Saturday, February 11, 2017

Hunting the USS Maine in Key West

I have always been fascinated by the story of the destruction of the USS Maine.  Sent to Havana harbour ostensibly to protect  American civilians, the Maine was destroyed by a mysterious explosion on the night of February 15, 1898.  After three major investigations the cause of the initial exploration is still not known.

   In 1911 the wreckage of the Maine was raised.  A coffer dam was built around it, water pumped out and salvage started.  The destroyed bow was cut off, wreckage removed and the ship floated.
   The ship itself was towed out to sea and scuttled.  The wreckage was broken up and towns across the country received parts as monuments to "Remember the Maine."  Some monuments are large like the bow scroll in Bangor Maine, the main mast in Arlington National cemetery and the other mast at Annapolis.  some small like the ventilator cowel in the  traffic circle in Woburn Massachusetts.

   While in Key West I ran into several monuments of the Maine. This was not unexpected as The Maine sailed from the naval station there to Havana.

   Janine jokes that wherever we go I find weird pieces of the Maine.  But here in Key West it was hard not to stumble over the memory of the ship.

   In Mallory square I ran into one of the many salvaged parts from the Maine.  Here is the sighting  dome from the forward turret.  And on a display model of the ship where that dome was located.

In the Custome House museum we discovered a number of artifacts.  These included the naval jack, life rings, utensils from the officers mess.  On a exhibit text it mentioned the ships crew retired that night after a butler played taps.  Forty minutes later the  ship was rocked by two explosions which killed most of the crew.  Afterwards reading this I noticed in a case a bugle recovered from the wreckage.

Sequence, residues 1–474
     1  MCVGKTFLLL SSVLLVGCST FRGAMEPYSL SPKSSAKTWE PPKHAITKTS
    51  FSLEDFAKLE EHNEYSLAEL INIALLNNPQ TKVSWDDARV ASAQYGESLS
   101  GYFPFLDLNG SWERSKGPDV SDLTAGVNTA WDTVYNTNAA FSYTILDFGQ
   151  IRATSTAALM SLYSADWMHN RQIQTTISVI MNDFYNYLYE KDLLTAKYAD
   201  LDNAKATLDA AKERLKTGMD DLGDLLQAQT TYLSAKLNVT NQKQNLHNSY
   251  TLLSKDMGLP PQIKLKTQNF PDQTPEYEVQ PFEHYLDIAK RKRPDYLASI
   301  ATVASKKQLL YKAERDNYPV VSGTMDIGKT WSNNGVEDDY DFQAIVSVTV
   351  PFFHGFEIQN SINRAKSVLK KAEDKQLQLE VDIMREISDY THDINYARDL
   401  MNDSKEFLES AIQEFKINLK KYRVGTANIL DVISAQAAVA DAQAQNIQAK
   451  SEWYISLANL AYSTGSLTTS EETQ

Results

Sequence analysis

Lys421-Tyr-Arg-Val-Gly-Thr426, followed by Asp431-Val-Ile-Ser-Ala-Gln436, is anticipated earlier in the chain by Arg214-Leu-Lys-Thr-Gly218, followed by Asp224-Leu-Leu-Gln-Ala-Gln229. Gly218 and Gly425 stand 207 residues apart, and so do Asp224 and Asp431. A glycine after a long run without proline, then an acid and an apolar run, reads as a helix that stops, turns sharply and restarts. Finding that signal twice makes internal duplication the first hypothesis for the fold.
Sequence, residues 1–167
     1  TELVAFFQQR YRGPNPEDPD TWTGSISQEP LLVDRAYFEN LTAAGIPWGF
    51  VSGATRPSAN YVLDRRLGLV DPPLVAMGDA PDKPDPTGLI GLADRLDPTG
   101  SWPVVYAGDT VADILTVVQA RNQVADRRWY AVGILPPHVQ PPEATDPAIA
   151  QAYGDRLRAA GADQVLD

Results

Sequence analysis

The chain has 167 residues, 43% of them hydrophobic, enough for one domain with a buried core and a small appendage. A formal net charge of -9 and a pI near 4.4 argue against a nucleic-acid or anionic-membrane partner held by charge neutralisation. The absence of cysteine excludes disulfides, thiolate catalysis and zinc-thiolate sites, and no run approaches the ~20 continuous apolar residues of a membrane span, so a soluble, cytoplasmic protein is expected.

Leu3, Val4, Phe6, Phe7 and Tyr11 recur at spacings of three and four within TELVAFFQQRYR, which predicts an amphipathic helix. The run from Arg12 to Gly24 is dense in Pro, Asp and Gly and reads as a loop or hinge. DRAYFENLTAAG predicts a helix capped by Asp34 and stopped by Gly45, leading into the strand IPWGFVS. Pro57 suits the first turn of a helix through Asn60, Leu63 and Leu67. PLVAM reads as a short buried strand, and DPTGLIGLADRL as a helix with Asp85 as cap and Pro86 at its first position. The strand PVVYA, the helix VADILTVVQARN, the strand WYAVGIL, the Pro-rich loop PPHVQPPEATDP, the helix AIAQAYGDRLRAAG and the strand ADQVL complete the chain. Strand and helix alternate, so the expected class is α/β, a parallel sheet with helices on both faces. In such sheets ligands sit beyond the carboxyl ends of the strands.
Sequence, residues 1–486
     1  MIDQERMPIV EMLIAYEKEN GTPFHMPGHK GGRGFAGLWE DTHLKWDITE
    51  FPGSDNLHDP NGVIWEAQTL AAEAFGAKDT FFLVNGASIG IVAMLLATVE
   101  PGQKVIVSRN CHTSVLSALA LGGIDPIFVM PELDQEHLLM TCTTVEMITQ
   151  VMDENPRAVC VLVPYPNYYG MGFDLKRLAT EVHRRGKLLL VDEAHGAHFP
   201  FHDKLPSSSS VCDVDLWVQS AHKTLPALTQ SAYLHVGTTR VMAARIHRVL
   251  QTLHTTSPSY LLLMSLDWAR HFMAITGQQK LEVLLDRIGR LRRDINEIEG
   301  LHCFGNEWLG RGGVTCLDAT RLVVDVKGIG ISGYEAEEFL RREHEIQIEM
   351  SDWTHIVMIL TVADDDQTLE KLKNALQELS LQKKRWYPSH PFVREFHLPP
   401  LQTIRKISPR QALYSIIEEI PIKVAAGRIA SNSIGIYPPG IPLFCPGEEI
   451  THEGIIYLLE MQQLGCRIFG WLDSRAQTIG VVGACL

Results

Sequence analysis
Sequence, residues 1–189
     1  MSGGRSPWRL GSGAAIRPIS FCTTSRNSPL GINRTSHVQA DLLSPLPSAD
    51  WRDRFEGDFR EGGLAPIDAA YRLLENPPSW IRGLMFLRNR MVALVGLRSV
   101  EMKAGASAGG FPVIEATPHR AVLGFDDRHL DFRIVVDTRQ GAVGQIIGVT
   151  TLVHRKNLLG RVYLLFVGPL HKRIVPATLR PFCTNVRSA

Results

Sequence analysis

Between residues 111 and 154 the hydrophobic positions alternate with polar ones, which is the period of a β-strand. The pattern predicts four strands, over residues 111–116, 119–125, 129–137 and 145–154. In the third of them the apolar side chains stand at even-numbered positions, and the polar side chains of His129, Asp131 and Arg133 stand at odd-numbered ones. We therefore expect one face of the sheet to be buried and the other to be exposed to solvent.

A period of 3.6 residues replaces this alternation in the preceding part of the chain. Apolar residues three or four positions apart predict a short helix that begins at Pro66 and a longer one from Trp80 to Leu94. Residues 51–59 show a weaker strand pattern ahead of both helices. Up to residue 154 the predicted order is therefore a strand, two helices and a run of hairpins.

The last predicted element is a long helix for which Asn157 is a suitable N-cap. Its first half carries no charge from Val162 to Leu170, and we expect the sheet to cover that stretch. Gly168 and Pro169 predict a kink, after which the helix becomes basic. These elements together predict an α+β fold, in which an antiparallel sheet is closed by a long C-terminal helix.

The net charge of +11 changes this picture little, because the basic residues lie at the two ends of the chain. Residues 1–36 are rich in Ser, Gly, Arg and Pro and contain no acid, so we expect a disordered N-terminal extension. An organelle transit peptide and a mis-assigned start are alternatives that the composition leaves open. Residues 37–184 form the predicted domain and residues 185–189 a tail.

The Custome House also served as office for the first inquiry into what happened.  They deduced, after interviewing the survivors and talking to divers who examined the
wreak a mine had set off  the first explosion which then set off the forward magazine.  A second inquiry after the ship was raised and re examined confirmed those findings.

  Although some individuals questioned the mine theory it was not seriously explored until 1974 when Admiral Rickover (the father of the nuclear submarine fleet) had his staff reexamine the case.  His staff felt a coal fire was more likely to have caused the magazine
USS Maine being towed out to sea to be scuttled
explosion.  While many excepted his findings, others felt there was little substantial facts to back it up.   While there are problems with each theory I felt the coal fire the least possible.  For a debunking of it here is a good read.

   The pier the Maine sailed from is no longer in existence.  So Janine suggested we walk to the town cemetery to visit the graves of the Sailors and Marines from the Maine and pay our respects.
Most of the crew are buried in Arlington National Cemetery.  But a few were buried in Key West right after the sinking.   The area today is quiet and peaceful.  A monument of a sailor marks the area which
contains about a dozen graves all marked unknown.  I think it was a fitting end to our hunt for the USS Maine in Key West.

Is there a part of the USS Maine in your town?  Here is a handy dandy list of where you can items,

1 comment:

  1. Fascinating travelogue! Which I knew this bit of Maine history when I visited Key West many years ago. Next time, I will be prepared. Thanks!